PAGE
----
Piedmont Getting Your Driver's Permit

Posted in How To Get A Drivers Permit on September 25, 2017
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If you are a typical teenager, you're probably thinking about taking the Drivers Ed Permit Test in Piedmont, California. If you are, you will need to find out the Drivers Permit Requirements to your get license in CA. Keep in mind that rules are not the same in every state. If you hold a foreign license, find out if it is recognized by the state of California. Here are a few other pointers to get your CA drivers license.

What Is Piedmont California's Drivers Permit Requirements?

Behind The Wheel Driving School

Obtaining your Drivers Permit Online - The age limit for a driver's permit varies in different states. In Piedmont California you have to be at least 15.5 years of age to apply for a learners permit. The fastest and easiest way to apply for a permit is to Get Your Learner's Permit Online.

  • The next step is to fill out at application for the permit. You need to show the officials' proof of identity and residency documents.
  • You have to be declared mentally fit to get your learners permit. Your eyesight may be checked.
  • Pay the fees and pass the DMV approved driver education course test which is computerized and usually a multiple choice test. The results are given immediately. You have to get at least 70% to pass the test. You are then granted your learner permit. You can apply for your license after a certain time limit. There are few rules that have to be followed when you have a learners permit.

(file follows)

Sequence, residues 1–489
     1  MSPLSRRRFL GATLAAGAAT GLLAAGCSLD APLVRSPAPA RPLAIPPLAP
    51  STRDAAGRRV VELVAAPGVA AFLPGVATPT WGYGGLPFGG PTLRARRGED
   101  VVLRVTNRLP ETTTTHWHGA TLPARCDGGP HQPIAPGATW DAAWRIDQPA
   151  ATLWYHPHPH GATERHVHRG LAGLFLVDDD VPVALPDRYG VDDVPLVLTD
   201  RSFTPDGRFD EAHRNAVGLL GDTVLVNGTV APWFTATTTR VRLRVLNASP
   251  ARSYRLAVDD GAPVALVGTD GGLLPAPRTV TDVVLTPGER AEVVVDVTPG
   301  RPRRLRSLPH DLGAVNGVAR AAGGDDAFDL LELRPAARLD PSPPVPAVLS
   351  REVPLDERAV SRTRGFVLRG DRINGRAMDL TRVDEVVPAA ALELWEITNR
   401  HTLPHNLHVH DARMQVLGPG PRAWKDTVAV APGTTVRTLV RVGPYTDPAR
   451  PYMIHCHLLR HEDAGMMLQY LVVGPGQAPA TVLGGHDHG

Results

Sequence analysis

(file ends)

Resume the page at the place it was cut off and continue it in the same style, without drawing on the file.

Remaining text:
• The student has to be accompanied by driver holding a permanent license for more than a year. The rules for applying for a permanent license differ from state to state. For instance in Georgia, you need to hold the learner permits for more than a year and complete more 100 hours of supervised driving, including ten hours of night driving.

You are required to enroll for a California Drivers Education School! There are driving schools in Piedmont that teach you everything you need know about driving and get you ready for your permanent license. This includes everything about road safety, road rules and other regulations. Driving schools combine theoretical training with practical training. You have to prepare for the written and final driving test to obtain your license.

How many hours of drivers training does the state of California require?

Before you can take your DMV driving test to obtain your provisional license, you'll need to: Complete 6 hours of driver's training. Complete an additional 50 hours of behind-the-wheel driving practice. Hold your driving learners permit for at least 6 months.

Be sure to take the following to the DMV Permit Test in Piedmont

  1. A parent/ legal guardian and or their signature(s) on a completed DL44 application
  2. Two (2) acceptable proof of residency documents (see alert below)
  3. Your DMV Certificate of Completion of Drivers Education (the pink DL 400C sent for completing this course)